OpenAI is an organization where the CTO role is naturally the activity I love most in the world: coding. But even so, people remain my focus: the journey to this point was about a social story, not a technical one. Going forward, this role is only sustainable because I’m part of a fantastic team who is willing to jointly handle the “trucks or telephones” from Heinlein’s short story2. I feel incredible gratitude towards Ilya, Sam, Elon, and everyone else who is making OpenAI happen.
(Incidentally, it’s very possible to become one of the people who is making OpenAI happen — we’re hiring. Our engineering projects vary widely, from infrastructure/reliability to abstraction design to distributed algorithm implementation to data visualization to dashboard creation. No machine learning background necessary. If you’re interested in AI but not quite ready to join, check out our Requests for Research.)
Alex really hated writing papers, and had a review paper coming up. Geoff told him that each week he had a 1% improvement on ImageNet, he could put his paper off a week. Alex managed to put it off for 15 weeks. ↩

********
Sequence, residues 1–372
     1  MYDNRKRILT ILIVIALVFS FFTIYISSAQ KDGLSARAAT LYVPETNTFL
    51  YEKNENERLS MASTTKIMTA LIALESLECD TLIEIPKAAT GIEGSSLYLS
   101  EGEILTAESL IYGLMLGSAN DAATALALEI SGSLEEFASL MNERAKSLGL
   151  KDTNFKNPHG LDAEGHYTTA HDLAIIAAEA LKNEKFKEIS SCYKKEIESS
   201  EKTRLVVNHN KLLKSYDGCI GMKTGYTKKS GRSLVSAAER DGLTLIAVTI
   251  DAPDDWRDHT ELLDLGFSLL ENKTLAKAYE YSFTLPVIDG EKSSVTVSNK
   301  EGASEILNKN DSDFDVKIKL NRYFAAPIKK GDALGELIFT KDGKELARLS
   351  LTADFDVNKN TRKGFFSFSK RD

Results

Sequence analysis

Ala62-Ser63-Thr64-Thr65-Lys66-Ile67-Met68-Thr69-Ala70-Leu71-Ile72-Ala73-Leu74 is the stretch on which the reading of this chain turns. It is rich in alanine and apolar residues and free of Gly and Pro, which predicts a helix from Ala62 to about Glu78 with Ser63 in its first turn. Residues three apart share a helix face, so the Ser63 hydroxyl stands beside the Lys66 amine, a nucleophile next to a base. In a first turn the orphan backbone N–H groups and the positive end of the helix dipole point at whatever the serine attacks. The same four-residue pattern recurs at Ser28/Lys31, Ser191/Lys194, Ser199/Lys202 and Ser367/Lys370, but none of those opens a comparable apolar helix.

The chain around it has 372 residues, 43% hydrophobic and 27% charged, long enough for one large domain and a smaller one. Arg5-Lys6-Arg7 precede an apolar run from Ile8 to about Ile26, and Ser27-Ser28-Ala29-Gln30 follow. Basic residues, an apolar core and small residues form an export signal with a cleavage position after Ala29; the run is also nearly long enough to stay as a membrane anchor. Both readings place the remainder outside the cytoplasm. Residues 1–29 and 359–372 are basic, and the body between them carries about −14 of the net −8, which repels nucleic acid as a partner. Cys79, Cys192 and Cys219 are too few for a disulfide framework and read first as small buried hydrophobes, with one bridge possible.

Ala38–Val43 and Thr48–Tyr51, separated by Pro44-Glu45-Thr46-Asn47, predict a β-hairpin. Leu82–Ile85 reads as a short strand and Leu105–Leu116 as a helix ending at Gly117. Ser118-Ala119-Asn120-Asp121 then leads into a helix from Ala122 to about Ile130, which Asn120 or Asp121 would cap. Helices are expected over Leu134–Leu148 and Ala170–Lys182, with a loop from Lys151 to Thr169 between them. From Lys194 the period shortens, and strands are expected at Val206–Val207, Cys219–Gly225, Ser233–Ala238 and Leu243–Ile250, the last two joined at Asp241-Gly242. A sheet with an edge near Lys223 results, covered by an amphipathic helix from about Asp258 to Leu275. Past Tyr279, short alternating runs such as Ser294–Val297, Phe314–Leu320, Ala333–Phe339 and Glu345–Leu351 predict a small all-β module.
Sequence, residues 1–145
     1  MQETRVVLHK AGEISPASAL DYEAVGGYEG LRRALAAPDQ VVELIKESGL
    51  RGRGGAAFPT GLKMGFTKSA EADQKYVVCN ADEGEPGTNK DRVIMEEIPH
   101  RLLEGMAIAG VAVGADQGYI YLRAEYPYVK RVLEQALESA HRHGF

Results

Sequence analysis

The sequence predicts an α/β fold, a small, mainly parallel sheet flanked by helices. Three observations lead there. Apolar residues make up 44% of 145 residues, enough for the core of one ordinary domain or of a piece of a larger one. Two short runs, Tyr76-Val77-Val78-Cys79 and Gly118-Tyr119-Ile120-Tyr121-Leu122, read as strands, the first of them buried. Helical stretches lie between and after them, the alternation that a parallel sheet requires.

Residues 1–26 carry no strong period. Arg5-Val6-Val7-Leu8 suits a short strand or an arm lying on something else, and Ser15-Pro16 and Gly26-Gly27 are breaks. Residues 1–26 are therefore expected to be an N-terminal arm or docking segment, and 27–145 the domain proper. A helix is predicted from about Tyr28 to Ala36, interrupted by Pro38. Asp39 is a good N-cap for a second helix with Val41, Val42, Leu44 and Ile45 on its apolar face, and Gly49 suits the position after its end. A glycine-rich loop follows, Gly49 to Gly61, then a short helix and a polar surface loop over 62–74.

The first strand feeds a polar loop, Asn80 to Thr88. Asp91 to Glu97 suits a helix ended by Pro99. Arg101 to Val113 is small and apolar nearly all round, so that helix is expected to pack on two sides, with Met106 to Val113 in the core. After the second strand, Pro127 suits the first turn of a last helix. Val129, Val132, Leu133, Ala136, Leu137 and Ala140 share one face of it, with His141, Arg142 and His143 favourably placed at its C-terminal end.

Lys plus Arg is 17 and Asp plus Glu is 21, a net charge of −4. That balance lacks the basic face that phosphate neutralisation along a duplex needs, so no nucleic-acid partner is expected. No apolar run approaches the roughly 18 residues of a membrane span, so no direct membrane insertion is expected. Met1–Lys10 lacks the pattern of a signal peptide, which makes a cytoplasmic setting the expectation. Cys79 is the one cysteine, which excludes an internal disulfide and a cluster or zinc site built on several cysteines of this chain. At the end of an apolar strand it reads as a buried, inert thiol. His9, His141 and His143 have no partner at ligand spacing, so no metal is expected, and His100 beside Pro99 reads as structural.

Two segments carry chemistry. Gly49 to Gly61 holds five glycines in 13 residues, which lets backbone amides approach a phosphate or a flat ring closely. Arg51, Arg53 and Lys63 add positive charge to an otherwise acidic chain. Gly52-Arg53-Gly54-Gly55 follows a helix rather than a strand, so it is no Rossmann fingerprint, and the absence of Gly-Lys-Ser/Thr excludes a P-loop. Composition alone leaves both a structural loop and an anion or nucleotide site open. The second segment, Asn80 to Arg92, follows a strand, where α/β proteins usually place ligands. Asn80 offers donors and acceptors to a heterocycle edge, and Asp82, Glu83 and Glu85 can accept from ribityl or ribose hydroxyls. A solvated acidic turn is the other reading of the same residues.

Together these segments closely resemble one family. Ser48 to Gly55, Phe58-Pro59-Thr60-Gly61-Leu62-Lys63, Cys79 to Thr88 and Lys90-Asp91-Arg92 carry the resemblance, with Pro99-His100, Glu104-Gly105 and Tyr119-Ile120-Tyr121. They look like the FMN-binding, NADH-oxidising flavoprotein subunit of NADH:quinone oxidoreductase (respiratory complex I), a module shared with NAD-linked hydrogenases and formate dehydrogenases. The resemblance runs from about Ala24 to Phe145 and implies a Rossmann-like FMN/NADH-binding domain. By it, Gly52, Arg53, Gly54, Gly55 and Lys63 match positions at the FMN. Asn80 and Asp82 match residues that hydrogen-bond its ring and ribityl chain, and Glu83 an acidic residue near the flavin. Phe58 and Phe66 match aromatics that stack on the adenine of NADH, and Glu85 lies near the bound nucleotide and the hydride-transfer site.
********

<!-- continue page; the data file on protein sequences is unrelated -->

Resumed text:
While discussing possible reporting relationships between the tech lead (“director”) and manager (“producer”) for a project, Fred Brooks writes: “The director may be boss, and the producer [their] right-hand [person]. Robert Heinlein, in The Man Who Sold the Moon, describes such an arrangement in a graphic for-instance: ↩
Coster buried his face in his hands, then looked up. “I know it. I know what needs to be done— but every time I try to tackle a technical problem some bloody fool wants me to make a decision about trucks— or telephones— or some damn thing. I’m sorry, Mr. Harriman. I thought I could do it.”